I was originally going to use the C code that todbot wrote to test communication with the Arduino but I soon realized the limitations. What I ended up doing is using "screen" to open a terminal connection to the serial port so I could send and receive data to/from the Arduino. In the future I will have to write a daemon that will run on my linux box that will constantly poll the Arduino for data but thats another story. For now screen …

Arduino shipped!

I love ordering things in the mail. It's the waiting I don't like. I ordered my Arduino along with a temperature/humidity sensor from Robotshop on Friday afternoon and they shipped it yesterday. Not a bad turn around time at all. According to the Canada Post website it is currently in Quebec somewhere. Now all I have to do is wait for it. I know it's a crazy time of year so we'll see how Canada Post is handling it.

Now all I have to do is find some time to goto Active Electronics and buy a prototyping board and a bunch of misc parts. I can't wait!

I should go do some work... I'm out.

Thermostat project (take 2)

Yes I am still on the thermostat kick. I just got my new humidifier installed today which is probably why I am still looking at my thermostat project. After some consideration I have decided that I'm going to scrap the whole gumstix idea. The reason I'm doing this is simply because I don't need that much computing power bolted to my wall. I've decided that the thermostat itself should be an Arduino using I2C to talk to a Temperature and Humidity sensor. Then I would have to design the circuit that would turn the furnace on and off. I have found some good documentation of how a regular thermostat works so it shouldn't be much of an issue getting that going. The Arduino would control the furnace and air conditioner, fan and humidifier. One added feature (the whole point of the project) would be to use the USB interface on the Arduino to connect to a LAMP server that would log all temperature and humidity levels and send commands to the Arduino. I just have t…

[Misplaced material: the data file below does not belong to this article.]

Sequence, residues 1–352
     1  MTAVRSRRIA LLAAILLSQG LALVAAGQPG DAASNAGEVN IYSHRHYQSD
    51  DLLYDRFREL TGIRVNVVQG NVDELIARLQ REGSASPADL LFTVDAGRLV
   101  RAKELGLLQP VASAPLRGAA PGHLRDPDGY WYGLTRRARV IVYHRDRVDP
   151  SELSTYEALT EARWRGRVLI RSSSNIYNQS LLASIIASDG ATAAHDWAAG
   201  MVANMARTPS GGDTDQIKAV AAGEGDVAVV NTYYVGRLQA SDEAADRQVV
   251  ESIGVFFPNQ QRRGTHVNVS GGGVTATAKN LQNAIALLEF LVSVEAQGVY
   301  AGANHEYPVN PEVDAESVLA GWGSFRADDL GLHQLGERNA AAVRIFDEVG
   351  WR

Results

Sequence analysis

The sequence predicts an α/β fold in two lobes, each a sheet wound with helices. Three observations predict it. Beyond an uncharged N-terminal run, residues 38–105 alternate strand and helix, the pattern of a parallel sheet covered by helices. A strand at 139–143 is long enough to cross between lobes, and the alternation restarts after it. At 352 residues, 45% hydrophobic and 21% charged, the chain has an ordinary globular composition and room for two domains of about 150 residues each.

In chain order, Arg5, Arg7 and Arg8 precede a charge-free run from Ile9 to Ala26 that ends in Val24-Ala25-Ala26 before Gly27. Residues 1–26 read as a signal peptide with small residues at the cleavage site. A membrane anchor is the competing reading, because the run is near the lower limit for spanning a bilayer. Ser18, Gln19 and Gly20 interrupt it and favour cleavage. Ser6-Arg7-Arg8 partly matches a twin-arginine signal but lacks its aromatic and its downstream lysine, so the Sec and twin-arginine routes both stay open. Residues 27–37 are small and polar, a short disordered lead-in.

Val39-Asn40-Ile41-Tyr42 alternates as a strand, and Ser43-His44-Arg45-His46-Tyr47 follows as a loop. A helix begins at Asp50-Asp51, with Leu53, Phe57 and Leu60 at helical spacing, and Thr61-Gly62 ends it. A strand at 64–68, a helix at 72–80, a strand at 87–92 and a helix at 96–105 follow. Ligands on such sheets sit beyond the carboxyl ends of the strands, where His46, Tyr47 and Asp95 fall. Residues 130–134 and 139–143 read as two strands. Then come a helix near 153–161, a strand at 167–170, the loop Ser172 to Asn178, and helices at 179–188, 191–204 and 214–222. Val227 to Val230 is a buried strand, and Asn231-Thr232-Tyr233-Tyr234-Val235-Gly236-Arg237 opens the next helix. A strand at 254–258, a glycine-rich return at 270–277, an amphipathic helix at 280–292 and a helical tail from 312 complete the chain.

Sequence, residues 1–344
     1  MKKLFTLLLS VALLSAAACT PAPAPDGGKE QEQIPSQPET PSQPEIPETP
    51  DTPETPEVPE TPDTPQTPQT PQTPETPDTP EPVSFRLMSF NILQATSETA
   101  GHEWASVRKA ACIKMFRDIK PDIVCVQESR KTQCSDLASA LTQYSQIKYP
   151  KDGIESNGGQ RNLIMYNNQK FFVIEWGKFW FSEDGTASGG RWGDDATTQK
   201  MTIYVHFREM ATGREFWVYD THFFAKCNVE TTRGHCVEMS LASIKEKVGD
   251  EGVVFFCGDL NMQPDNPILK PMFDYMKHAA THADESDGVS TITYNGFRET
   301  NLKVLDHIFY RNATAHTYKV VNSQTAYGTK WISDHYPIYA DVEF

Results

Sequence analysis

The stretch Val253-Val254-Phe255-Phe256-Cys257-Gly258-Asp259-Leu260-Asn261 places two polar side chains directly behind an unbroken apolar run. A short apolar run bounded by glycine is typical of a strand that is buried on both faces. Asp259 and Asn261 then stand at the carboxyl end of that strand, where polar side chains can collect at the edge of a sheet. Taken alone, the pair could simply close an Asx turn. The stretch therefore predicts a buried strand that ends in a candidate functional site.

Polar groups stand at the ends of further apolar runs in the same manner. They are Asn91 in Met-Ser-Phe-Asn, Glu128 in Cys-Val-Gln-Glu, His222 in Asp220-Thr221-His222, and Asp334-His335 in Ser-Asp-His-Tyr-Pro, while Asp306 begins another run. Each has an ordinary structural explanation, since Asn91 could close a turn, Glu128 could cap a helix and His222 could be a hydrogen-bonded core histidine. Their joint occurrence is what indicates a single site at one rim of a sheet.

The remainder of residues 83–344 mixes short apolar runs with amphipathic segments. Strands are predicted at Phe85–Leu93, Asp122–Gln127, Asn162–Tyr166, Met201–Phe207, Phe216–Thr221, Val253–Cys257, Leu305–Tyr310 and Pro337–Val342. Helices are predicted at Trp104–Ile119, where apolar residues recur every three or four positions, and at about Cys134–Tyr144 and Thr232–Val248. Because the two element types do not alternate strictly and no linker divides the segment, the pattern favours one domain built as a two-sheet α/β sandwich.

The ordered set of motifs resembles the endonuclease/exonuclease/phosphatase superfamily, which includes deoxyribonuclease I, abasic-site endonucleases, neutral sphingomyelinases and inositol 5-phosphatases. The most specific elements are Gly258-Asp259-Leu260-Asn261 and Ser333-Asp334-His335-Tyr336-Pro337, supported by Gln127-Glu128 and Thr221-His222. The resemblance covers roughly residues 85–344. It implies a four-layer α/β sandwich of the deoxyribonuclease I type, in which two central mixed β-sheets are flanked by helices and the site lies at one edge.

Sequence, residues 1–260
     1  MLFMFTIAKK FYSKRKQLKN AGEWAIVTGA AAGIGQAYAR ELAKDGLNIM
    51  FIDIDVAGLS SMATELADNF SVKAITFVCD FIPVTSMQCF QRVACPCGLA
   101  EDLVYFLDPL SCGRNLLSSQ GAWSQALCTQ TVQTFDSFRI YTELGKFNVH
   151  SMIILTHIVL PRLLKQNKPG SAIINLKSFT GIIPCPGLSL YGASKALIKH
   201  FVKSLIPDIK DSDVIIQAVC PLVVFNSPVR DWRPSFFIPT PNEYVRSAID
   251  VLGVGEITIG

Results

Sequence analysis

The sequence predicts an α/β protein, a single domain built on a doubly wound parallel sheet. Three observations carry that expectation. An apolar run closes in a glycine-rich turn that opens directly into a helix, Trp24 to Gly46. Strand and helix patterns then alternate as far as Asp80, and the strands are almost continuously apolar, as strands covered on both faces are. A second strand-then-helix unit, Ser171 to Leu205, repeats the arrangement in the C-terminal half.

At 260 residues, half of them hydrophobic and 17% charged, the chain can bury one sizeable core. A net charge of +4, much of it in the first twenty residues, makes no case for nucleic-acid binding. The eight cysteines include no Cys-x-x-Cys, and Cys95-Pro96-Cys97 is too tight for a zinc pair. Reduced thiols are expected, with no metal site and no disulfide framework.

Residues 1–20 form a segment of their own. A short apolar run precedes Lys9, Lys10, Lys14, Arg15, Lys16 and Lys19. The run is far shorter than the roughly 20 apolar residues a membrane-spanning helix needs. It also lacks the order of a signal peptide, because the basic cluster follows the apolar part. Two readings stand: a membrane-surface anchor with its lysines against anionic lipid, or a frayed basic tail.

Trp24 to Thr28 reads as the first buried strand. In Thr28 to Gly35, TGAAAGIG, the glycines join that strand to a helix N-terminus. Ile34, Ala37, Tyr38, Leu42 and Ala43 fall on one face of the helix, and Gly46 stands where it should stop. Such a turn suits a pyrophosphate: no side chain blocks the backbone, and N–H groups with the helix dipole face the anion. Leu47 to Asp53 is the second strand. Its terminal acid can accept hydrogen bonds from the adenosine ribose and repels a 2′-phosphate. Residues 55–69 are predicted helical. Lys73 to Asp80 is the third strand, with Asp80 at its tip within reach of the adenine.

Thermostat project

It's that time of year again. Winter has hit full force here. I've been on an Arduino kick lately and came up with an idea for a project to battle the cold weather. A thermostat connected to your home network!! Why would you want to do that you ask? The answer is simple, I want to be able to control the temperature of my house from anywhere! If security is a concern then you could limit control to your local network (but that's another discussion).

Hardware:
First you would start with a gumstix connex 200xm along with a rs232 expansion board and an ethernet expansion board with a microSD interface for more storage. You could also go WiFi if you so desire. You will also need a temperature and humidity sensor with a serial interface.

Software:
The software system would be as simple as running a LAMP (Linux, Apache, Mysql, PHP) server. Of course I would have to develop some software to get the temperature readings from from the sensors and for controlling the furnace. …